So, how do you get from hopeful medical school applicant to top hospital consultant or GP on £120k? Well, the first thing to say is that getting a medical degree is just the beginning of medical education. Training continues for years after graduation and ultimately culminates in your appointment as a hospital consultant, GP or academic research medic. It takes at least 5 years to become a GP after completing your medical degree, and at least 7-9 years to become a hospital consultant.
The second thing to say is that the way in which doctors careers and training is managed after medical school has changed dramatically in recent years. The old career pathway which had existed for decades was revised by an organisation called Modernising Medical Careers.
Getting a Medical Degree
The first step is to get into a medical school that is approved by the General Medical Council (GMC). All doctors practising in the UK must be registered with the GMC, which is a kind of regulatory body for doctors. For more information on GMC approved medical schools and their current standards, click here. All degrees are signified by letters after someone’s name, like MB ChB, BM etc. Medical degrees from different medical schools sometimes have different letters to signify them. Don’t worry about this – it’s irrelevant. As long as the degree is approved by the GMC, then you can practise as a doctor. In addition, the medical school you go to has no bearing on what type of doctor you can become.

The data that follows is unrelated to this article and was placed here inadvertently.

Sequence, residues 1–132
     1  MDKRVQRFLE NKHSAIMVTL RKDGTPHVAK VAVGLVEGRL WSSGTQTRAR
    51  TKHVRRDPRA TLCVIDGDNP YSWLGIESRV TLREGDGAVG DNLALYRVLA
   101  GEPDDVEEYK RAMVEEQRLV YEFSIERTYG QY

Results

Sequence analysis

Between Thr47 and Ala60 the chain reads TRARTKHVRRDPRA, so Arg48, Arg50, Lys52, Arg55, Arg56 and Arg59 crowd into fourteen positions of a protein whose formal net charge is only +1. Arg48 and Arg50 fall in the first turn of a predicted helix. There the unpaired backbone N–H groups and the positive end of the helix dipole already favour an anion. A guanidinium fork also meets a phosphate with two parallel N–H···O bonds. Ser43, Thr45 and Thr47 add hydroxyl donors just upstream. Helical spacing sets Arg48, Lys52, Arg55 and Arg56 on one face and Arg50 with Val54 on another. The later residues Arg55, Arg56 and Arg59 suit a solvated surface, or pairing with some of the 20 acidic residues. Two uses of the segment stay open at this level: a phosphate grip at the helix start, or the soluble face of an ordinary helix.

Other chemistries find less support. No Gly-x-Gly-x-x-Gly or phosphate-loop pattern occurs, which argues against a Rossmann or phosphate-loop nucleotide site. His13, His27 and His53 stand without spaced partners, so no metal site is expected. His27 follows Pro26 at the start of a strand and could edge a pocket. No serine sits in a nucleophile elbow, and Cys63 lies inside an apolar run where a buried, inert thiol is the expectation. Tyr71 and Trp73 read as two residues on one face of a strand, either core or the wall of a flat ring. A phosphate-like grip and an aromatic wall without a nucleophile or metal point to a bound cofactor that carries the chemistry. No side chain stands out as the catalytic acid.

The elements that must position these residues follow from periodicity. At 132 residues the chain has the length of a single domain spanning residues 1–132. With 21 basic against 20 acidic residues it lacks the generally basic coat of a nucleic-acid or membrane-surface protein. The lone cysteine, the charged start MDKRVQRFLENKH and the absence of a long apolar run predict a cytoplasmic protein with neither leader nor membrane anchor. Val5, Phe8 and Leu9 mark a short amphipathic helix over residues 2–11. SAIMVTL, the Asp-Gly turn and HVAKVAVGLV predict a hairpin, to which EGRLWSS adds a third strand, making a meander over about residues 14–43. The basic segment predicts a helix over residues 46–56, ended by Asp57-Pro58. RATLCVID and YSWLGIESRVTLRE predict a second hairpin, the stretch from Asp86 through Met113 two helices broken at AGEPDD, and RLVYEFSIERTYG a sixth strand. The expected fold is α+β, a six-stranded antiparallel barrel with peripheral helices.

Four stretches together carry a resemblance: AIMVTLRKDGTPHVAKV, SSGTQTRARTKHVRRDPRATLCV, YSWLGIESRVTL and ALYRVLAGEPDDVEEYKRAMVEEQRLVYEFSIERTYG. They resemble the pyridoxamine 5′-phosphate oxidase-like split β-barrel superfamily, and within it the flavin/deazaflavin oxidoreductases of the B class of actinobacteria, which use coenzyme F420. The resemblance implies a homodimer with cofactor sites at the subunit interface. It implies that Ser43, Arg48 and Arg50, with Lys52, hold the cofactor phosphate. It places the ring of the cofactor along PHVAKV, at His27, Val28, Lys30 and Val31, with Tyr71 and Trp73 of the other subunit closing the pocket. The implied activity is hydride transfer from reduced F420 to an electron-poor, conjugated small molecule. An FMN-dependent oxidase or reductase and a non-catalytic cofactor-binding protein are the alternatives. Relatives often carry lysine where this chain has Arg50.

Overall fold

Medical degrees last 4, 5 or 6 years. However, those on 5 or 6 year courses can usually add an additional year onto their course during which they gain an extra degree. This is called ‘intercalating’. This additional degree may be in a variety of subjects, depending on the medical school, but is typically in a science subject, e.g. biomedical science. Only a minority of medical students from each year will intercalate.
Medical students undertake lots of exams during their degree. However, the summer exams which are taken in the last year are called ‘finals’, and you can only become a doctor if you pass these exams.
Applying for your first job